Orlando musicians Jason Kupfer and Tierney Tough were bandmates before they were friends. Not that they didn't like each other; but their relationship started as a professional one in the band Vostok, the friendship growing from a mutual creative respect that ultimately lasted longer than the band that drew them together.
I chatted with Kupfer and Tough by phone last week about their current alt-pop trio, The Pauses, which is gearing up for the national release of their first studio album with two soft release parties this weekend, in Ybor on Friday and in their Orlando hometown on Saturday.
After Vostok dissolved in 2006, Tough stopped playing music for a few years and focused on interior design, eventually deciding she wanted to return on her own terms, "writing my own music, because I was just playing bass in that band. And I asked Jason to come back and help with some songs, because he's my personal Jon Brion ..."
They formed The Pauses in 2008, began working on material and endured the usual member changes until they found the right formula with Nathan Chase, a drummer Kupfer met pre-Pauses. "Nathan just seemed like the perfect person to not only be able to handle complicated, intricate drum work but really understand the electronics that need to be triggered," Kupfer told me.
The Pauses drummed up funds to record their LP via Kickstarter.com, a site that artistic types use as a fundraising platform for their creative endeavors, and where a growing number of bands are successfully raising money to record (like Tampa's own Auto?Automatic?? and Clearwater-based Rise of Saturn). Their first attempt failed. They were more prepared the second time around with a crafty promotional video and a huge motivating factor: the chance to work with J. Robbins (Jawbox, Against Me!). "When we first started talking about making the album, there wasn't another person that we ever discussed," Kupfer said, and Tough explained that while they could have easily self-recorded the album, "We really just wanted to go somewhere else where we didn't have to worry about the daily things and work with someone who we admire and appreciate."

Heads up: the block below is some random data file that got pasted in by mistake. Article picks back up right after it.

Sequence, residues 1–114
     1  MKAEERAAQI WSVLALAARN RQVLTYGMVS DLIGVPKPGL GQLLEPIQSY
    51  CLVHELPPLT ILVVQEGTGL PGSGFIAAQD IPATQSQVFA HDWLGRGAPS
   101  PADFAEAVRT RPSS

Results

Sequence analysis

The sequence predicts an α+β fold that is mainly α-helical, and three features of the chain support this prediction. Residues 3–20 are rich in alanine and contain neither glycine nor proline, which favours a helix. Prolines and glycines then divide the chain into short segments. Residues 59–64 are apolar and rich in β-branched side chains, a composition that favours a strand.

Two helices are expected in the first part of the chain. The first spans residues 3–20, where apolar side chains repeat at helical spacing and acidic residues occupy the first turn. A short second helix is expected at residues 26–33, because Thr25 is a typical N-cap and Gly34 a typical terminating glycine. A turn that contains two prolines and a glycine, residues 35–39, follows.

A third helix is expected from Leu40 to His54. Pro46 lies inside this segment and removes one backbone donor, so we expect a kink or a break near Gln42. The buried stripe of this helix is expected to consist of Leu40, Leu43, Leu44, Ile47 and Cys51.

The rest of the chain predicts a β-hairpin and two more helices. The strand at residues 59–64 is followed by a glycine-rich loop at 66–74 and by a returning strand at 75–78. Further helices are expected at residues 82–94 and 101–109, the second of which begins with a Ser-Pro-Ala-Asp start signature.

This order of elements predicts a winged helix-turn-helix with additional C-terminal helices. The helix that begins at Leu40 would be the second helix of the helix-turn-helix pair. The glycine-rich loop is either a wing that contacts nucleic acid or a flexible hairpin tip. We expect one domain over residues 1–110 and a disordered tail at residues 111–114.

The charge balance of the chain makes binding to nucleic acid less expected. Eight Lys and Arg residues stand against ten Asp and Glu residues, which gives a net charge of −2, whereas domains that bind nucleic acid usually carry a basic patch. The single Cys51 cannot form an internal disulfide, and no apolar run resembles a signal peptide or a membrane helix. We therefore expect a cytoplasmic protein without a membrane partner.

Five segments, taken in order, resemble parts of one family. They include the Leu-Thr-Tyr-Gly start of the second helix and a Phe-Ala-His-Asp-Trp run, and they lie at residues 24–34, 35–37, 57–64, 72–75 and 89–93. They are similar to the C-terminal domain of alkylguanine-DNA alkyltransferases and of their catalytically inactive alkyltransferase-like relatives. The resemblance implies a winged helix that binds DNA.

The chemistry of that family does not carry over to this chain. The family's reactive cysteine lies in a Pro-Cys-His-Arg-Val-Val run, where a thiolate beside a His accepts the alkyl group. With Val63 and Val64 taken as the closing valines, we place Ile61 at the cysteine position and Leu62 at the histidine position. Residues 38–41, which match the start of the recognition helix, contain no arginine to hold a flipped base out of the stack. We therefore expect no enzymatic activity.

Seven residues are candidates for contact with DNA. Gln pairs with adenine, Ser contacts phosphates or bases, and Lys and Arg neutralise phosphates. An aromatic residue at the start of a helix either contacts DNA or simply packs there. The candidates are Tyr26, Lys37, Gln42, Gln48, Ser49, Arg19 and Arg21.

Kupfer said they were more than a little surprised when Robbins not only got back to them the same night they contacted him, but had already listened to their Myspace demos and was interested in working with them. "It was just mind-blowing that he actually wanted to do it."
Tough said at that point they went full steam ahead and put all their efforts into making a great Kickstarter video. "And it definitely helped. It was put on the Kickstarter home page and they Tweeted about it and a lot of our friends donated, among others."
Once the campaign was over and they'd exceeded their intended $1,000 goal by more than half, they headed to Baltimore to record at Magpie Cage Studios with Robbins, who not only produced, engineered and mixed the album with them over seven days, but enlisted several of his own band members and even his wife to play on the disc along with guests like Office of Future Plans cellist Gordon Withers, who sits in with The Pauses this weekend.
The resulting instrumental embellishments (trumpet, cello, analog synths, whistles) bring a lushness to indietronic pop that's imbued with '90s alt-rock influences and trip-hop flavors. Tough leads the mix with dulcet-toned vocals that can be tantalizingly sweet and girlish or husky and seductive, but at all times warm and shaded with appealing vulnerability, her Rhodes arrangements and bass playing enhancing or winding around her piping melodies. Kupfer brings angular suppleness and grungy distortion on guitar, sometimes setting the tempo with strumming, plucking dissonant runs of notes that contrast against Tough's melodies, or brightening up the sonic textures with chiming footbells, ukulele, electro blips, glitches, whirls and whatever else he programs into the mix. Chase rounds out the sound with dynamic beat-keeping that presses forward with aggressive drive, eases into relaxed and airy grooves, rollicks and bounces then slows back down to subtle and simple, at all times tight, perfectly-paced, occasionally complex and augmented by triggered electronics and percussive flourishes. "He does more than a usual drummer does," Tough asserted.
The band's mature compositions stretch beyond the simple songcraft of traditional pop with unexpectedly intricate instrumental breakdowns, noisy electro synthesized explorations and lift-offs and a consistent use of opposing sonic themes — melody and dissonance, quiet and loud, cutesy playful and dark moody — all throughout the album, which closes with a hidden track, old school style.
The Pauses hooked up with Keith and Susie Ulrey at New Granada Records to promote and distribute A Cautionary Tale. "I just respect them, I think they're genuine people, they do so much for the music scene over there and also in Orlando, too," Kupfer said. "So it was really cool to be able to team up with them at the last minute and have them help us out with distribution. New Granada came along just in time."
Even though the Friday night show at New World is a soft release, the band will be offering hot-pressed copies of A Cautionary Tale for sale. "We just got them yesterday. We ambushed the UPS guy ..." Kupfer laughed.
"It was like Christmas. We literally ran down to him when he arrived," Tierney added.
"He was less excited than we were," said Kupfer.
"He was not excited," Tough agreed.
A Cautionary Tale will be released nationally via New Granada Records on March 8.